Canberra Times Op Ed: Australian cannabis laws are dishonest and need to change

We couldn’t agree more…

We have seen important breakthroughs in recent years in access to medicinal cannabis for people who can benefit from the range of products now available. However, the refusal of our elected representatives and law enforcement officials to rectify an obvious problem with the current system results in thousands of patients having to decide between being able to drive – and for some that means earning a living – or taking their prescribed medication, because the laws as they stand do not allow you to do both.

Despite there being a distinct lack of evidence of a correlation between a positive drug test and impairment, drivers, including those taking prescribed medicinal cannabis, can be punished with an immediate loss of licence and exorbitant fines if they test positive. Police know their testing can pick up presence well beyond the current research of at most a seven-hour impairment window after cannabis use. Yet many government campaigns ignore the facts and instead perpetuate propaganda.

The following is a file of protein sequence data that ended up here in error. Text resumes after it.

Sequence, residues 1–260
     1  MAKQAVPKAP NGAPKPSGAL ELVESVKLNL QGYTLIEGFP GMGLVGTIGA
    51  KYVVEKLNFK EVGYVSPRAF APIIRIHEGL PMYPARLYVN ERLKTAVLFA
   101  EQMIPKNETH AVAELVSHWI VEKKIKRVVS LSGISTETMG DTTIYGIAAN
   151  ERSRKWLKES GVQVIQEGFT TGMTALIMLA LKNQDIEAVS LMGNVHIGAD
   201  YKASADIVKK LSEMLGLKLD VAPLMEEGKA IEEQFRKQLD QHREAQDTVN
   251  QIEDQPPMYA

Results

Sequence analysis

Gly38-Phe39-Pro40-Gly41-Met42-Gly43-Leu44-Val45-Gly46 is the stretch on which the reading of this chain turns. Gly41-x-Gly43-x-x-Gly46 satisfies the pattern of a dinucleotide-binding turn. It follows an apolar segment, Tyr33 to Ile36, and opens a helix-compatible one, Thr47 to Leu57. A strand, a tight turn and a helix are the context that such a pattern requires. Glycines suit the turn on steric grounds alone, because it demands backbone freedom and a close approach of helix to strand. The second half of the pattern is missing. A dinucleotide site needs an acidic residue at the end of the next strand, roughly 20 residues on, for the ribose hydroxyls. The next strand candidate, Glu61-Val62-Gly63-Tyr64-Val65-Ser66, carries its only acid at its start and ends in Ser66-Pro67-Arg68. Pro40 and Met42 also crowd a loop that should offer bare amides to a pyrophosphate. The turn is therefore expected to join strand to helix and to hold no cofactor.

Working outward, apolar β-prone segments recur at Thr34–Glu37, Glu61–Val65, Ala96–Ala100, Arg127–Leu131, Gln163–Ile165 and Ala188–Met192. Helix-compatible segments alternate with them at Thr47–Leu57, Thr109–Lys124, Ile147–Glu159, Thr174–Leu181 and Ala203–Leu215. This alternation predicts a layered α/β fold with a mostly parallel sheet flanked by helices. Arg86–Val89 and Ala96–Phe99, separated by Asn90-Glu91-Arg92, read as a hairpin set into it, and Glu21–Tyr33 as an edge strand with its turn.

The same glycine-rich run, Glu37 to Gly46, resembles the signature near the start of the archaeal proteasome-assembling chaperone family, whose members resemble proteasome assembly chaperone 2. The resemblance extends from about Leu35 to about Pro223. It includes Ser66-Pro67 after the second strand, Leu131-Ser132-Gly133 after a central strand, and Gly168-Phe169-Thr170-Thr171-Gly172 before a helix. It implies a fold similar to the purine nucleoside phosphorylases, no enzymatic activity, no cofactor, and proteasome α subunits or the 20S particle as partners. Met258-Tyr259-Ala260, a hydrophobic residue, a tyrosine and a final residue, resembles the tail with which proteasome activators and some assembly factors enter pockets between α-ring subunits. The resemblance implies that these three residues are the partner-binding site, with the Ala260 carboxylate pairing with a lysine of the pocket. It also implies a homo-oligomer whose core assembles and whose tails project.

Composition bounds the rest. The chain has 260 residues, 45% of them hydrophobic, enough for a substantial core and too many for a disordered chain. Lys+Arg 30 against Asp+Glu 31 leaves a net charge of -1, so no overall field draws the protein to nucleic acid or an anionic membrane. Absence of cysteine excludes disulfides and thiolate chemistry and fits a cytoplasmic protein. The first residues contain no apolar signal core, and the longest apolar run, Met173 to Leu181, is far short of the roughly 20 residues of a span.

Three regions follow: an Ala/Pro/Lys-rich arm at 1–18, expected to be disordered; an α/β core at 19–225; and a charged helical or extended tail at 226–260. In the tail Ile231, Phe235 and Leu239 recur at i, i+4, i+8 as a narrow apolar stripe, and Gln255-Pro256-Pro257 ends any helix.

To add insult to injury, medicinal cannabis remains the only prescription to which such a law applies.

It is also well-known that the whole roadside drug testing program has no concrete road safety basis, as unlike alcohol there are no defined impairment levels in play. Instead, the program serves as a tool for the continuation of a war-on-drugs mentality that allows wide-scale testing and punishment of citizens if any past drug use is detected.

Even in the ACT, where cannabis use and possession laws have been amended, the driving laws still seek to punish for any detectable presence, not impairment.

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